Landmark Links July 28th – Gone Fishing


Lead Story… Today, I want to get away from talking about real estate and spend a bit of time writing about something that I haven’t done a great job of lately – work / life balance.    To start with, I’ve always been a bit of a workaholic and have a tough time getting away from work even when I’m not in the office.  2017 has been particularly challenging.  Projects seem to be moving at a slower pace than ever and  I often compensate for this by feeling the need to reply to emails or return phone calls instantly.  While this is likely good from a customer service standpoint, it probably isn’t the best thing for my sanity, especially in a year where everything seems to move at a snails pace.  In addition to my day job, I write this blog a couple of times a week which means that I’m constantly prospecting for interesting and thought provoking stories online.  I can’t tell you how many times I get asked about the sources of some of the links in the blog or how I find the time to write regularly between having two young children and a demanding job.  As much as I’d like to think that it’s a result of my tremendous efficiency and skill as a writer, it really has a lot more to do with a largely unhealthy iPhone addiction.

That brings me to the point of today’s article.  Every now and then I come across an article that makes me reconsider on some aspect of life.  I recently came across a blog post from Venture Capitalist Mark Suster entitled I Only Have 7 Trips Left. On Managing Work / Life Balance, Love & Family that caused me to revisit the way that I look at family vacations.  Since founding Landmark, we’ve joked internally that the best part about this job is the ability take off and travel whenever we want but the worst part is that we never actually get to take a vacation from work.  This is part of our reality in a transaction-based business but I’ll admit that I probably take it to the extreme.  Fully getting away from work has always been an issue for me when I’m on vacation: I have a hard time unplugging and tend to work too much when I should be out relaxing with my family.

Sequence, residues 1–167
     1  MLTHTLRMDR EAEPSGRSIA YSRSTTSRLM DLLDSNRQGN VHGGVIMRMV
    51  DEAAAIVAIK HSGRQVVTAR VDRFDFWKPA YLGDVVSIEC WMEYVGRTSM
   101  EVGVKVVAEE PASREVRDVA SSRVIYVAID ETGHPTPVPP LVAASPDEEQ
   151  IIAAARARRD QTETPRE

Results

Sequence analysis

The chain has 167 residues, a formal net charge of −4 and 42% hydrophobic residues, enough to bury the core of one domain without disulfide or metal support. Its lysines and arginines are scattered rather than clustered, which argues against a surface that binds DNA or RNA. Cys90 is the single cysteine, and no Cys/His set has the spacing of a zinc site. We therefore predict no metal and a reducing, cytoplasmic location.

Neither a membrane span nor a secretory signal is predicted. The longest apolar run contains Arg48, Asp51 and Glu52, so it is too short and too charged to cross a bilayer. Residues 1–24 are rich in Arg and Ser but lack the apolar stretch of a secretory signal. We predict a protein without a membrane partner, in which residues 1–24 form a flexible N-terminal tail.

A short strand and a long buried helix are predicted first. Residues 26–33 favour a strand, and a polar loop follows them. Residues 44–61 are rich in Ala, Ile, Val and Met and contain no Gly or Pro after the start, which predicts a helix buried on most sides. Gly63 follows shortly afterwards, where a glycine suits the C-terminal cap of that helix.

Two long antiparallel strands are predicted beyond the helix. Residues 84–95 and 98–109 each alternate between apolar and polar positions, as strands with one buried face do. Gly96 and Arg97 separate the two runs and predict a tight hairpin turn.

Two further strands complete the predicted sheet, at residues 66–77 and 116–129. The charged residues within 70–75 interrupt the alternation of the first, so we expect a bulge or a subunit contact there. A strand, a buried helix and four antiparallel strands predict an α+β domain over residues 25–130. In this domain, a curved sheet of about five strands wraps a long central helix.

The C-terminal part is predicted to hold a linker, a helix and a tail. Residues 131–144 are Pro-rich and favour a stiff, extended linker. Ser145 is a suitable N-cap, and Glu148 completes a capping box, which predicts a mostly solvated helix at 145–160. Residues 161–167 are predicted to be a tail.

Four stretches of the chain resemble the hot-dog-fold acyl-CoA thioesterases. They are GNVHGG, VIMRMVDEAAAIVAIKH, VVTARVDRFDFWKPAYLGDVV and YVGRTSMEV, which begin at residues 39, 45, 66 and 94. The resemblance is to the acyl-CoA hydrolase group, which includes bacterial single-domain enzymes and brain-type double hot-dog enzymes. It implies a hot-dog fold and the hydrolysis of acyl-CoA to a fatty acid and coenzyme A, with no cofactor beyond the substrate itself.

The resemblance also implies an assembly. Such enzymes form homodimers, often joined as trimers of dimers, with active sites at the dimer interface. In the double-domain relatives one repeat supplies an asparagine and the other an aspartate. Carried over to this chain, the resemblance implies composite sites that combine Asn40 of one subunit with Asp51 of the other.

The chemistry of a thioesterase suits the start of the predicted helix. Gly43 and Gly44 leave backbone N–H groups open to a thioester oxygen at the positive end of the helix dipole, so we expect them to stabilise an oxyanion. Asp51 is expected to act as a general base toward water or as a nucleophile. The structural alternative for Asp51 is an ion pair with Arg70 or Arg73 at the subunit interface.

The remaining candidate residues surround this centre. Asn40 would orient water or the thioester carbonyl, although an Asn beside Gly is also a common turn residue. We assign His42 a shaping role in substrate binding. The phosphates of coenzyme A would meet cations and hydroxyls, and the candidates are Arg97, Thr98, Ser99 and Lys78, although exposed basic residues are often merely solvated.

Every year since Mrs. Links and I have been together (minus those where we either got married or had a baby during the summer) we have done a 2+ week lake trip to the east coast.  My parents have a house on Lake Hopatcong in New Jersey that has been in my dad’s family for years.  Her grandmother has a house on Lake George.  It’s a great opportunity to bring our kids to a place that is very different than where we live and also spend time with relatives (my entire family and Mrs Links’ entire extended family all live on the east coast) who live 3,000 miles away and we don’t get to see as frequently as we would like.  There is nothing like a lake in the early weeks of August.  It’s a trip that is incredibly special to us since we get to watch our kids do the same things that we did when we were their age.  Natalie is turning three next week and Hayden just turned one.  This means that Natalie is now old enough to get excited about swimming, fishing, sailing, rowing, etc and I have the opportunity to experience these moments with her just like my dad did with me at the same age.  My dad, aka PopPop will be right there with us which makes it all the more special.

Here’s the thing that Mark Suster’s blog post got me thinking about: when you really take a step back and think about it there are a lot fewer of these annual trips left than one would like to think.  This makes it all the more important to enjoy them as a family while we can.  Best case scenario, we have 16 more summer lake trips before Natalie heads off to college.  That assumes that youth sports and other activities don’t get in the way at some point.  It also doesn’t take into account that age and health.  My parents are right around 70s and in excellent health.  My wife’s grandmother is in her early 90s and also in excellent health, but 90 is still 90.  My point is that there’s no way of knowing how many more times we will be able to take two weeks a year to relive our youth through our children’s eyes.  I have zero desire to become one of those cautionary tales about a parent looking back when they take their kids to college and thinking that I only wish I had spent more time with them when they are young.  Time goes by too quickly and you simply don’t get these days back.

That brings me to the work part of things.  The last couple of “vacations” that I took, work ended up taking up too much time.  When my parents came in to town for a couple of weeks right after Hayden was born, I was in the office pretty much every day.  Same thing at Christmas save for a few days.  We stayed at a friend’s beach house for a week after 4th of July this year and I was in front of my computer more than half of the time.  You get the idea.  So, I am taking Mark Suster’s advice to heart as I write this:

I love my wife and I love my children. I think some of our fondest memories will be the goofy time we spent during our travels as opposed to the planned itineraries. We’ll remember all of the games of Hearts. We’ll remember when Andy fell down the hill into the bushes (but was ok). We’ll remember throwing the football on the beach with Troy Aikman (the nicest pro football player you’ll ever meet who even with no cameras around and even once he found out we were Eagles fans was still so gracious to my boys). We’ll remember Daddy accidentally shoving an entire Serrano chili pepper into his mouth because it was dark outside and he thought it was a carrot. And we’ll remember how much time Mom spent meticulously planning with love so that our entire family could enjoy every moment.